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The Action for Wrongful Death is outlined in Section 2125 of the Ohio Revised Code and provides remedies for family members to seek compensation for the loss of their loved one. This statute provides remedies for beneficiaries as to what damages they can recover and under what categories. If the negligent actions (or inaction) of another person caused the death of your loved one, you may be eligible for compensation through a wrongful death claim. While no amount of money can reduce the devastation of your loss, financial support may be pivotal as you may face the costs of your loved one’s medical bills, funeral, and more.

At Graham Law, our wrongful death attorneys have provided valuable legal guidance to many surviving family members in wrongful death claims and have been successful in recovering millions of dollars for our clients. Located in Zanesville and Cambridge, Ohio – our law firm is equipped with the resources to serve clients no matter where they reside in Ohio thanks to virtual technology. If you need legal help with a wrongful death claim, contact our wrongful death attorneys today for a free consultation.

Wrongful Death Claims

In general, if the deceased person might have been eligible to file a personal injury claim had they survived, their family members may be able to file a wrongful death claim. Under Ohio law, negligence is associated with circumstances where a person or party has breached their duty of care, resulting in the injuries that have led to the wrongful death.

The following are examples of ways in which negligence may be involved in a wrongful death claim:

  • Distracted driving
  • Driving while under the influence of drugs and/or alcohol
  • Driving in excess of the speed limit
  • Medical malpractice
  • Dangerous or defective products
  • Unsafe premises conditions, such as uneven flooring or wet floors
  • Wrongful death caused by intentional acts such as assault

While there is no amount of precaution that could erase the risk of serious injury, in most cases there is a reasonable standard of care that can be expected. This may mean a homeowner ensuring their property does not have exposed electrical wiring, or a driver ensuring they do not get behind the wheel when intoxicated.

Who is Eligible to File a Wrongful Death Claim in Ohio?

If the deceased individual has left behind a will, they may have named a personal representative to take over the handling of their estate. It is the personal representative who can file a wrongful death claim. If the deceased did not leave behind a will, probate court may appoint a personal representative.

If a wrongful death claim results in a monetary award, the close family members of the deceased will typically divide the money. Eligible family members usually involve those who have been dependent on the deceased, and may include a surviving spouse, children, dependent parents, or more. Other family members such as grandparents, cousins, siblings, and more may be eligible if they are able to provide proof that the wrongful death has caused them to suffer legally compensable losses.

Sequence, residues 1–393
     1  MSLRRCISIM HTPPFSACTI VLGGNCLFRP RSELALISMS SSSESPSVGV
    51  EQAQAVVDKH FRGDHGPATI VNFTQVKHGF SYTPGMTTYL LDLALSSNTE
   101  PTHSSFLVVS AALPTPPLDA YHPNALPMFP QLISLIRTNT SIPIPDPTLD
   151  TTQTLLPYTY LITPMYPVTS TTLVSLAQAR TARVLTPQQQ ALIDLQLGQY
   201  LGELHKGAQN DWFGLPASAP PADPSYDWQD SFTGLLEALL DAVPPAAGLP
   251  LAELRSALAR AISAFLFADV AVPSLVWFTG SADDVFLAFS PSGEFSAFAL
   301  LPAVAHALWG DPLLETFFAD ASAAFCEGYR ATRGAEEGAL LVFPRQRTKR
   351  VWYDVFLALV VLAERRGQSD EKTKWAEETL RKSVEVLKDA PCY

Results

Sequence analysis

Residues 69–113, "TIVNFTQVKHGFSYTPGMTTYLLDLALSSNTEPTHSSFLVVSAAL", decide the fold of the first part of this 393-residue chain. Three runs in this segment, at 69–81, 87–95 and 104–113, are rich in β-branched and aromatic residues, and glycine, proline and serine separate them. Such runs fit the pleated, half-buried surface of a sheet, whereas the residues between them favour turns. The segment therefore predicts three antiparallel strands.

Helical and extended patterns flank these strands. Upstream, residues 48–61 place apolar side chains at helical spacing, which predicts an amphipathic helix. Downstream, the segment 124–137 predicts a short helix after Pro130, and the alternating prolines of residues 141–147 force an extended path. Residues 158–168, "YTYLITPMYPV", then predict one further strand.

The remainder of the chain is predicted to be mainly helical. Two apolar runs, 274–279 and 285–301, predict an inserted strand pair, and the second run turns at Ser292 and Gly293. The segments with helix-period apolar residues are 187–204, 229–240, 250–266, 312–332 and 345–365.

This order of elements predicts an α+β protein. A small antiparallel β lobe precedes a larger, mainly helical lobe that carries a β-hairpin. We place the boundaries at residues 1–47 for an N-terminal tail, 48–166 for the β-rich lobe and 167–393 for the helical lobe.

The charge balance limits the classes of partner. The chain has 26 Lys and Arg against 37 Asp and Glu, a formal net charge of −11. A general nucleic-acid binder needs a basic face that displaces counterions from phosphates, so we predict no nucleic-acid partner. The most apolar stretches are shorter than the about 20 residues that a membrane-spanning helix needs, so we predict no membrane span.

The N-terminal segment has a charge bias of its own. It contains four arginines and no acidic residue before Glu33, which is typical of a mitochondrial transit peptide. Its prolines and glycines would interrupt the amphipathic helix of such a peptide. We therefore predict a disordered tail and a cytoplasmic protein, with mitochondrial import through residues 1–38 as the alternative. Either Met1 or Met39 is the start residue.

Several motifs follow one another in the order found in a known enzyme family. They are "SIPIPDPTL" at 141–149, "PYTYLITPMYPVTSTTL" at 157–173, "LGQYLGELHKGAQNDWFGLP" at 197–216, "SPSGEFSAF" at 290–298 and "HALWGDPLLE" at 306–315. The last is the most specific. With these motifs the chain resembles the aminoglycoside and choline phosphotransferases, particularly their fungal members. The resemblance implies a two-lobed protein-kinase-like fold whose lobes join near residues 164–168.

Every case is different and may present their own uniqueness and set of challenges. Having an attorney on your side while handling a wrongful death claim may help diminish the chances for costly errors with respect to your wrongful death claim.

Damages Available for Wrongful Death Claimants

Compensation through a wrongful death claim may help cover monetary losses incurred because of the wrongful death. They may include medical expenses associated with your loved one’s accident, as well as the costs of burial, funeral arrangements, and more. Depending on the circumstances of your case, here is a general overview on the damages recoverable in wrongful death claims, however we recommend you consult with an attorney as there can be exceptions to these:

Economic damages: These are quantifiable financial losses suffered by surviving family members and can include things like medical and funeral expenses; lost wages and income from the deceased; loss of future earning capacity of the deceased; and loss of household services provided by the deceased such as childcare.

Non-economic damages: These are intangible losses that are harder to quantify (but an attorney can help with). These include things like pain and suffering of the surviving family members; mental anguish; loss of companionship; and loss of consortium.

It’s worth noting that there is a two-year statute of limitations for filing a wrongful death claim in Ohio which means the lawsuit must be filed within two years of the date of death. However, there are exceptions to this in instances where the wrongful act or cause of death is not immediately known. We recommend you consult with a wrongful death attorney sooner than later.

Contact Graham Law for a Free Consultation With a Wrongful Death Attorney

Financial concerns can severely exacerbate the pain and suffering of losing a loved one. If you have lost someone close to you as a result of another person or party’s negligent or wrongful action, you may be eligible for support through a wrongful death claim. At Graham Law, our wrongful death attorneys approach each case with attentive and compassionate care, working to help you receive the results you deserve. Contact us today to schedule an initial consultation and let us help you with your claim.

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17 N. 4th St.
Zanesville, Ohio 43701


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1230 Southgate Pkwy
Cambridge, Ohio 43725

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